Cautious optimism riding with Johnson

The Sports Xchange
The SportsXchange

By Reid Spencer
NASCAR Wire Service
Distributed by The Sports Xchange

After Sunday's NASCAR Sprint Cup Series season finale at Homestead-Miami Speedway, Jimmie Johnson will likely be a six-time champion.
But, it is dangerous to think that way.
That is why Johnson is circumspect in assessing his title chances, despite having expanded his lead over second-place driver Matt Kenseth to 28 points with a third-place finish in this past Sunday's AdvoCare 500 at Phoenix International Raceway.
"We're heading into Homestead in the position we want to be in," Johnson said Sunday night. "I'll have to go down there and run 400 miles. It's far from over. You've got to finish that race. Although we have a nice cushion, we still have to go down there and take care of business."
Or as baseball great Yogi Berra once said, much more succinctly, "It ain't over till it's over."
Johnson knows all too well how much can happen in 400 miles. A part can fail at the most inopportune time. An engine can explode. A tire can blow. A random wreck can wipe out anyone at any time -- something that came perilously close to happening to Johnson on Sunday.
Johnson and Carl Edwards were racing side-by-side down the frontstretch at Phoenix when Kevin Harvick saw an opening and dived to the inside, making it three-wide, with Johnson's No. 48 Chevrolet on the outside.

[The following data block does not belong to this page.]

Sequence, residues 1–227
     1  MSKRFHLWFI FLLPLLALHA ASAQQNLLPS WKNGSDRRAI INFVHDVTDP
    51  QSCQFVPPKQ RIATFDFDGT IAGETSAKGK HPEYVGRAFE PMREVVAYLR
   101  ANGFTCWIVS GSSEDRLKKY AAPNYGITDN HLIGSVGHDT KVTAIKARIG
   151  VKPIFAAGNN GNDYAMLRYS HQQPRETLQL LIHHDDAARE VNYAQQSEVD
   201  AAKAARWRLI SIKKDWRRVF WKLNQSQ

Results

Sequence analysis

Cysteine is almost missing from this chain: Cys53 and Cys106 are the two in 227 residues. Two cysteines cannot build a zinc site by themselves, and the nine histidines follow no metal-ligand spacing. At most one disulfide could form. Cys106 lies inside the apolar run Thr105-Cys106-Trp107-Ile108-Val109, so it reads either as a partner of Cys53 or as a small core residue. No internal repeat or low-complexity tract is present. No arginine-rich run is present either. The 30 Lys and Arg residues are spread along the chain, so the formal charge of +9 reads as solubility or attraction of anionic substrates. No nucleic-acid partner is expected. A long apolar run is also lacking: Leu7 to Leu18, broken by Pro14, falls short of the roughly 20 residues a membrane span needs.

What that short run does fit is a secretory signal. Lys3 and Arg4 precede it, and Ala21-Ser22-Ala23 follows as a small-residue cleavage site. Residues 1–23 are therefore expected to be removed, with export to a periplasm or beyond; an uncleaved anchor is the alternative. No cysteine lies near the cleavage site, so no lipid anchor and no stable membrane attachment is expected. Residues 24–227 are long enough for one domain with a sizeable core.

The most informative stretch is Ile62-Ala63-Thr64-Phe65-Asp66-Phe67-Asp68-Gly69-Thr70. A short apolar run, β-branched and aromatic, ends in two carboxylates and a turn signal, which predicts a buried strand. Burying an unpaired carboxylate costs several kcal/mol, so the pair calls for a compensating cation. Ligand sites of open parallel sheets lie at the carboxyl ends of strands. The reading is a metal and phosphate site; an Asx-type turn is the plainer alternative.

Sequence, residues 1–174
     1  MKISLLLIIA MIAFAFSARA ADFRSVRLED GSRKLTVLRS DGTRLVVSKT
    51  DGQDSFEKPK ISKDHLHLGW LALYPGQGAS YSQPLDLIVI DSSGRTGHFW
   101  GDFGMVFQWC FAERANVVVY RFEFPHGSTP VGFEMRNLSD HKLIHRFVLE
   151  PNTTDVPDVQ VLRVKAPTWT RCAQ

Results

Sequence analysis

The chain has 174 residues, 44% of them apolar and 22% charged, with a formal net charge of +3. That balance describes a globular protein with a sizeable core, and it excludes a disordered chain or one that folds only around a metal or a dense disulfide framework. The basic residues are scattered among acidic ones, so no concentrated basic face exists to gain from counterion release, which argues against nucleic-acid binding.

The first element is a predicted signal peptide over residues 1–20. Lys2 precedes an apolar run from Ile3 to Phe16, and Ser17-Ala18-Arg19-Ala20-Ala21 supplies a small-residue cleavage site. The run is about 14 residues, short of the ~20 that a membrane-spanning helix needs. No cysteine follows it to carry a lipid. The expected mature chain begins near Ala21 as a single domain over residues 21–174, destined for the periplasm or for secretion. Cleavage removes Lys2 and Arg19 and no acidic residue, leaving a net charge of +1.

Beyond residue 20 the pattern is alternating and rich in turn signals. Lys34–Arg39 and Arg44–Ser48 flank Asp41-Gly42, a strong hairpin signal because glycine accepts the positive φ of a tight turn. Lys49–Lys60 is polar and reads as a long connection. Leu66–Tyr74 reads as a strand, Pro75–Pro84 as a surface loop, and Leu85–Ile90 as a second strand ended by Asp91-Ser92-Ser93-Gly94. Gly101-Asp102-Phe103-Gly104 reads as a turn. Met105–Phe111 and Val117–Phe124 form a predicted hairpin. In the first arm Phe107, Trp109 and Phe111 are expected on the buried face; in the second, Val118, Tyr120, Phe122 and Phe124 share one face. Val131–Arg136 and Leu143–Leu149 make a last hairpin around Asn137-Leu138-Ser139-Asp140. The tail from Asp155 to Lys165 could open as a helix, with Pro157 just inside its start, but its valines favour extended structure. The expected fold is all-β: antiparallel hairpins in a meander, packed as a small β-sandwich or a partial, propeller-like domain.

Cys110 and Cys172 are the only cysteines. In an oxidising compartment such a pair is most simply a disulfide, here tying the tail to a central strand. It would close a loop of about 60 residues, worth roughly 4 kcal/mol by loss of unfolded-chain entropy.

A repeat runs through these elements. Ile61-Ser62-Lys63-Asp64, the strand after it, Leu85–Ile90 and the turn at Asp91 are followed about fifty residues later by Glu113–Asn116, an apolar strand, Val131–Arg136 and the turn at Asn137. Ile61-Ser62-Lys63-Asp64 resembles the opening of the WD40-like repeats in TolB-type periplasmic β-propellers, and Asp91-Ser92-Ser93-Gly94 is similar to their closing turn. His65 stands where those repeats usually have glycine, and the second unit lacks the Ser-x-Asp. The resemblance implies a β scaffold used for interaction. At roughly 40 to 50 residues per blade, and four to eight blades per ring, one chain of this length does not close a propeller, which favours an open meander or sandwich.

Edwards' Ford broke loose in Turn 1 and knocked Johnson's Chevy up the track and out of control. But for the five-time champion's extraordinary reflexes, the 48 would have hit the wall, and Johnson likely would have left Phoenix with a deficit rather than a lead.
If Johnson gets in harm's way at Homestead, he might not be as fortunate.
Yes, Johnson has a clearly defined target. He will clinch his sixth championship if he finishes: 23rd or better; 24th and leads a lap; or, 25th and leads the most laps.
In essence, he will be racing against a number and not against either Kenseth or third-place Kevin Harvick, who trimmed his deficit to Johnson from 40 to 34 points with his victory at Phoenix.
In the last two races at HMS, Johnson has failed to hit any of those clinch numbers. He ran 32nd in 2011 when Tony Stewart and Carl Edwards battled for the championship. Last year, in a head-to-head contest for the title against Brad Keselowski, Johnson appeared to have the upper hand before a pit road mistake and mechanical failure dropped him to 36th at the finish.
"If we have a hiccup or some type of mistake in Homestead, it'll be a race between the 20 (Kenseth) and the 29 (Harvick)," Johnson said. "But I feel like if we go down there and run as we should, we should be able to take care of business."
At Homestead, business starts on Friday. Johnson will need a strong run in time trials to avoid the potential pitfall that cost Denny Hamlin the championship in 2010.
Hamlin led Johnson by 15 points (in the last year of the Latford scoring system) entering the season finale but qualified 37th, spun and slid through the infield grass off Turn 2 while working through heavy traffic on Lap 25 and finished 14th. Johnson ran second and claimed his fifth straight title by a 39-point margin.